Sound of Freedom actor Jim Caviezel recently explained how taking on the role of Tim Ballard and confronting the horrors of child trafficking changed him as a person.
In an interview with Jordan B. Peterson, Caviezel was asked, “How has this changed you? How has experiencing that material and having to play it out changed out?”
Caviezel responded, “I’d give my life in a heartbeat. Changed me? I’m less concerned about myself. I will tell you this right now, I would absolutely die.”
“If this were to change the world and get rid of trafficking and pornography and all of the eight arms of this octopus that has to be destroyed, the only way you can destroy it is to take the head out, if that hit, I’d give my life for it in a heartbeat,” he declared.
Earlier in the interview, Caviezel was also asked about how he prepared for the role and the subject matter it entailed, mainly confronting the great evil that is human trafficking.
He detailed, “My job is to give what I know to be absolutely certain and real. I hooked into Tim as a childlike quality to him, and I stay with that innocence. And don’t take that innocence as weakness.”
“So when I read the Scripture I feel truth: good, evil. And I find the good and let that just pierce the darkness. And it has to pierce. And I know what that light and I know that deception that when I start hearing about-. For example, in your life– there’s two masters here. One is from the evil, wickedness side, but it comes in through your ego. And the other one is the light side that tells you what you might not want to heat, but you ought to hear. And it’s not manipulative; it’s truth. So I go to that side. Then I pray that I go through it.,” he relayed.
Caviezel elaborated, “Like The Passion of the Christ, I looked at the Shroud of Turin. And there were two men Christian Tinsley and Keith Vanderlin, who are experts in makeup. Both of these men were agnostic and they looked at the Shroud that Mel Gibson presented to them. … However, they were able to show it you can see the track lines of Jesus. You can see the actual bamboo sticks that they used to initially hit him and then you see the cat of nine tails. The track lines. They look like the Grand Canyon in your skin. And it shocked them. Now, these guys look at everything from decapitations, murders, and everything.”
“Prior to this, I did a movie a long ago in New York and I was with homicide, and I got to see the contortion of a face when someone gets murdered. And it’s hard to watch,” he said.
“But when you start going into this, which is children, there is something that I can’t even fathom — even with the protection of Almighty God — because it took me two years to get over this,” Caviezel told Peterson. “A friend of mine Debbie came into the room and at around three o’clock in the middle of the night. I was in a chair and she heard me just weeping. Now, I would go into these black holes and I have no idea, I don’t remember it. But this was all of the screaming that I had to hear. I didn’t want to hear it, but I had to hear it.”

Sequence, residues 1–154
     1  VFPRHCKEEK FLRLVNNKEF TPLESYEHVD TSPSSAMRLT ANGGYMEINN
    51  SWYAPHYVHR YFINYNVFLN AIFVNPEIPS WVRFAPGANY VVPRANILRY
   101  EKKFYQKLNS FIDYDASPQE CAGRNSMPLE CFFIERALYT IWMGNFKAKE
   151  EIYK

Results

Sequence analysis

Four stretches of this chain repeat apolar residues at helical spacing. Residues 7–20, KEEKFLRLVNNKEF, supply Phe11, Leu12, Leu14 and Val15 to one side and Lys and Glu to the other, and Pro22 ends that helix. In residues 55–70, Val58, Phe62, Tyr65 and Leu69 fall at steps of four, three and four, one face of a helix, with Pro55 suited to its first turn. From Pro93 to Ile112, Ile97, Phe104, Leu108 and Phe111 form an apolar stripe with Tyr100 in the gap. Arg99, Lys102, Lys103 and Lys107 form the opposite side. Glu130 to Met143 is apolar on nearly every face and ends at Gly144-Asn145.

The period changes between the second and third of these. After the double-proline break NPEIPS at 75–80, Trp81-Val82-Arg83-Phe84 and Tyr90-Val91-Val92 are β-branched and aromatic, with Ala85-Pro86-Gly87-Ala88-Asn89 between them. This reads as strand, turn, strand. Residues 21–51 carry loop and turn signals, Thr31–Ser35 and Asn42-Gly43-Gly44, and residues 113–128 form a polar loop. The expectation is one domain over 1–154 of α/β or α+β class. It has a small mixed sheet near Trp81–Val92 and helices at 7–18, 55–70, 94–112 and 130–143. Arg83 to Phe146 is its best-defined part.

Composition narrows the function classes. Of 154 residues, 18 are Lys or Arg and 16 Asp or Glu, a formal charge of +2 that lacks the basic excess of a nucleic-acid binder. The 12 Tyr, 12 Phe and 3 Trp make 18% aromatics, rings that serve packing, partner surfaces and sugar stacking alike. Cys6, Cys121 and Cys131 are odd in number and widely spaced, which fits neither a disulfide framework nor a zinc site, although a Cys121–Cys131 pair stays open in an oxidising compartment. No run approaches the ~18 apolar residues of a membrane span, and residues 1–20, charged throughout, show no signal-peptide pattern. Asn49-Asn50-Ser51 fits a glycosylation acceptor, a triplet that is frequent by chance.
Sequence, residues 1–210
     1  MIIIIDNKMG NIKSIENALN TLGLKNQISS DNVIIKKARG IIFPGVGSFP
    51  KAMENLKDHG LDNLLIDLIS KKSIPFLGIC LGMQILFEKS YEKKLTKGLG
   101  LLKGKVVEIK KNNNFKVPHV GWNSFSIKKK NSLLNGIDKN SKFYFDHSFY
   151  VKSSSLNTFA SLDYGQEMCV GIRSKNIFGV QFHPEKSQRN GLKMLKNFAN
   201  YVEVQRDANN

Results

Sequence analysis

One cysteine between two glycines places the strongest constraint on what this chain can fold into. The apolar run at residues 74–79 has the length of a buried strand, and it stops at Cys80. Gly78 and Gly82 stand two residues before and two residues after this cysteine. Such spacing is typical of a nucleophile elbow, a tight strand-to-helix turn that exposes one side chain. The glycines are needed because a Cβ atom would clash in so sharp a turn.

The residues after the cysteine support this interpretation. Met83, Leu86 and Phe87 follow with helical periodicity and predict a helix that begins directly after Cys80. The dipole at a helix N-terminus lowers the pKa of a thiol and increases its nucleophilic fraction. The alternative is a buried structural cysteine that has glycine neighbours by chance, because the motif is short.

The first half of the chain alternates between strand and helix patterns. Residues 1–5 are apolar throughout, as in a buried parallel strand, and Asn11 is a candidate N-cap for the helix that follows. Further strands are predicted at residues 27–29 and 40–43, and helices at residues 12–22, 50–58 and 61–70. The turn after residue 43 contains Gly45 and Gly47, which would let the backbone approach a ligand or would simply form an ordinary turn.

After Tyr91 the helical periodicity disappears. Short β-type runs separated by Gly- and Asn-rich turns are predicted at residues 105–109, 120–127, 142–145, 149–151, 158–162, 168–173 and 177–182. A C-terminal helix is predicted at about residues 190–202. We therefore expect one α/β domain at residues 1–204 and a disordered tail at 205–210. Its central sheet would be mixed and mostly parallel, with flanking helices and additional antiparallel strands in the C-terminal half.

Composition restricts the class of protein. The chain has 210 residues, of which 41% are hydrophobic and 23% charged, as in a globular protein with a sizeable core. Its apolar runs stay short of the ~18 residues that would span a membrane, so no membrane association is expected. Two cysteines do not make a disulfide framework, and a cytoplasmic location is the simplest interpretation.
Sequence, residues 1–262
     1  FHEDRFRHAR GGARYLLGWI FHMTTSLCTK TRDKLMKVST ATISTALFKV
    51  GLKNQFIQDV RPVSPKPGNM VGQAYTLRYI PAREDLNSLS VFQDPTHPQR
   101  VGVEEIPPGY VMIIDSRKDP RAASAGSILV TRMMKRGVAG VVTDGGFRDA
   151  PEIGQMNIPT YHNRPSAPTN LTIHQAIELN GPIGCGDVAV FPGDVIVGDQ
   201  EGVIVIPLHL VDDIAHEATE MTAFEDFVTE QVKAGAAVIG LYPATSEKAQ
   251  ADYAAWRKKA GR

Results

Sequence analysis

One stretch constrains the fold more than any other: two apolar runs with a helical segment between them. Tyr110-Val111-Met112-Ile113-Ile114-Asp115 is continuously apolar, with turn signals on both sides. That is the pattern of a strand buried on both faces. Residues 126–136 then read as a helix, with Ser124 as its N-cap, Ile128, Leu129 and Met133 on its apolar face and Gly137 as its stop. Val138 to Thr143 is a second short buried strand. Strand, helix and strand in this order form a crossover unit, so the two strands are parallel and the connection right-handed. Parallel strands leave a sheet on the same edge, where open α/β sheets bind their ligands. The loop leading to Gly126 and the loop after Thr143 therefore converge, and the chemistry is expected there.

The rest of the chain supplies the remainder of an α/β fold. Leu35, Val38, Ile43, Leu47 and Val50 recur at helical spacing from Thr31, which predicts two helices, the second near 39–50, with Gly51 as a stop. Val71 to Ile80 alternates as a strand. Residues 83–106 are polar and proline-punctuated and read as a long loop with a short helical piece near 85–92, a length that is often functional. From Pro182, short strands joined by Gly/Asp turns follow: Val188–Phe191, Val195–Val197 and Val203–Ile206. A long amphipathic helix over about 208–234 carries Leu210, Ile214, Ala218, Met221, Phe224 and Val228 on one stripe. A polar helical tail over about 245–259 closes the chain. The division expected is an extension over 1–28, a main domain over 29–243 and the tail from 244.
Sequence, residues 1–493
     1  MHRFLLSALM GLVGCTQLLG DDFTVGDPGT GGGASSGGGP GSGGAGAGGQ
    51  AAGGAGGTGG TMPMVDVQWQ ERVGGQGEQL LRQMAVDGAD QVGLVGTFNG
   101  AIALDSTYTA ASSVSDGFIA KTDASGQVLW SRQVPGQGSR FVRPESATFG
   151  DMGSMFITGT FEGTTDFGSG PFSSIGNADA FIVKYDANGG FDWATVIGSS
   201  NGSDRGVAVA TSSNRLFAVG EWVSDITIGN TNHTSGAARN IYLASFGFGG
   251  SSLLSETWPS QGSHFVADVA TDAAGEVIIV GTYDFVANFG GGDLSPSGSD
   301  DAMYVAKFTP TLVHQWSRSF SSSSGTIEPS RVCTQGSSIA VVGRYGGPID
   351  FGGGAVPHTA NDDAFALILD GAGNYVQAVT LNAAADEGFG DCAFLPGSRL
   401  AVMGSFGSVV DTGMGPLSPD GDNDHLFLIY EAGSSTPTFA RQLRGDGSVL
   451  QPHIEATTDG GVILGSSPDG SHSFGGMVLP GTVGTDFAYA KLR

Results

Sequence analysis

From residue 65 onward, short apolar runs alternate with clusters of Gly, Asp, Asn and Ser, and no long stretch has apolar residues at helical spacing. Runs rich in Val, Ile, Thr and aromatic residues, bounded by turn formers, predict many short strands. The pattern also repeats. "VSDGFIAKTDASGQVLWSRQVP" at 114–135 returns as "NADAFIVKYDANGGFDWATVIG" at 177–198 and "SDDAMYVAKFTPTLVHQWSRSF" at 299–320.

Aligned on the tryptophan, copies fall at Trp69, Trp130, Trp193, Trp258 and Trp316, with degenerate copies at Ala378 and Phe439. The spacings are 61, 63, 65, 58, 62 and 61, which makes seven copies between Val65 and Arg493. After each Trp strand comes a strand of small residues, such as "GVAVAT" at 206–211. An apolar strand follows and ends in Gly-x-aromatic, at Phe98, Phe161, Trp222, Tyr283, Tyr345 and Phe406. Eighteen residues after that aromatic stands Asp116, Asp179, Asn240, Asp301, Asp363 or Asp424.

“And then I was able to transform that into the movie that you just saw when I asked Alejandro Monteverde, to move [the camera], to our [Director of Photography] to take it and show him my eyeball so you would see a 20-foot eye to see what Tim goes through to rip his heart out,” he explained.
Caviezel went on, “Now, it’s not like this is what I want to experience any more than I want to get on a cross and have my heart broken. I went through hypothermia. I had to have open heart surgery. I was electrocuted, struck by lightning. I understand the necessity of what I was going to have to go through could help bring people back to God to wake them up.”
“And quite frankly more people now, Jordan, are more afraid of the devil than they are of God because they want a happy Jesus,” he asserted. “The problem is, Jordan, we all are going to die. Eventually that that is going to happen, but the power of the devil deceives to say, ‘No, no. You’re going to be around for a long, long time.’ And they never wake up. And eventually there’s a judgment and then you have to decide or God decides. Not how you want to see yourself anymore, but how God sees you and how God sees you is who you really are.”
“So that’s how I chose to go at this particular case,” he continued. “I had no choice but to go in. And I hear the screams in my heart. I hear the scream because the agents that I got to work with got to show me things. And one particular time he says, ‘Are you sure you want to go further?’ But I was weeping so hard. I said, ‘This is what Tim goes through. This is what I got. I got to see it in order to into there to take people to a level of will you do something. Will you do something? At some point it ends for all of us.”
“So the pain in my heart is much better than the pain in the future,” he detailed. “And if I have to see that to save my children, to motivate me to save my niece, to tell my sister, ‘No, walking home at 13 years old from school is not a good choice. Not a good choice.’ My sister says to me, “I want my daughter to have the same kind of experience I have.’ And I said, ‘No. Not until this changes. You need to understand.'”
“Anne, my sister, is a good, great mother, but she wasn’t aware because the media that’s supposed to do a good job to tell the truth, well, they’re going into that direction which is let’s kind of twist it and change it and not talk about it,” he concluded.
What do you make of how filming the Sound of Freedom changed Jim Caviezel? What about how he approached the role of Tim Ballard?